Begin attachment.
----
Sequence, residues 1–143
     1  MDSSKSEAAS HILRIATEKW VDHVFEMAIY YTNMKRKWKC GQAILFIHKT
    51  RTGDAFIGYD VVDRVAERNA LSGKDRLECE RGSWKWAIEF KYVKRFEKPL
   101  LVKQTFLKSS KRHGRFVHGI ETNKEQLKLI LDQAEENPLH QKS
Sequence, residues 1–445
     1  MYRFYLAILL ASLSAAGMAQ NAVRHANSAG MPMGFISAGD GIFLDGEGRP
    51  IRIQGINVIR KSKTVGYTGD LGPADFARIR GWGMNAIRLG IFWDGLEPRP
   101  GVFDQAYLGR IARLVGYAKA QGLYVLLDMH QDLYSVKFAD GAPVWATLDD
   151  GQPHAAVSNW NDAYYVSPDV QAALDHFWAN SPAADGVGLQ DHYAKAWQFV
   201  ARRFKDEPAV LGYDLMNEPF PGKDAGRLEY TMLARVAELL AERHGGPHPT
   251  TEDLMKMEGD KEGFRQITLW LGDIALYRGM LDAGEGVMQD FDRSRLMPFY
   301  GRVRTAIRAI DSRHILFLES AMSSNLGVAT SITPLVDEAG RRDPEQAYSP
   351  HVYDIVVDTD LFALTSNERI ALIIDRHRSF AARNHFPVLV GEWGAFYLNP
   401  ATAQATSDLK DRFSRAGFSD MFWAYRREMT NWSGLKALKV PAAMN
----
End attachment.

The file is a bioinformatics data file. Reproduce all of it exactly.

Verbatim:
Sequence, residues 1–143
     1  MDSSKSEAAS HILRIATEKW VDHVFEMAIY YTNMKRKWKC GQAILFIHKT
    51  RTGDAFIGYD VVDRVAERNA LSGKDRLECE RGSWKWAIEF KYVKRFEKPL
   101  LVKQTFLKSS KRHGRFVHGI ETNKEQLKLI LDQAEENPLH QKS
Sequence, residues 1–445
     1  MYRFYLAILL ASLSAAGMAQ NAVRHANSAG MPMGFISAGD GIFLDGEGRP
    51  IRIQGINVIR KSKTVGYTGD LGPADFARIR GWGMNAIRLG IFWDGLEPRP
   101  GVFDQAYLGR IARLVGYAKA QGLYVLLDMH QDLYSVKFAD GAPVWATLDD
   151  GQPHAAVSNW NDAYYVSPDV QAALDHFWAN SPAADGVGLQ DHYAKAWQFV
   201  ARRFKDEPAV LGYDLMNEPF PGKDAGRLEY TMLARVAELL AERHGGPHPT
   251  TEDLMKMEGD KEGFRQITLW LGDIALYRGM LDAGEGVMQD FDRSRLMPFY
   301  GRVRTAIRAI DSRHILFLES AMSSNLGVAT SITPLVDEAG RRDPEQAYSP
   351  HVYDIVVDTD LFALTSNERI ALIIDRHRSF AARNHFPVLV GEWGAFYLNP
   401  ATAQATSDLK DRFSRAGFSD MFWAYRREMT NWSGLKALKV PAAMN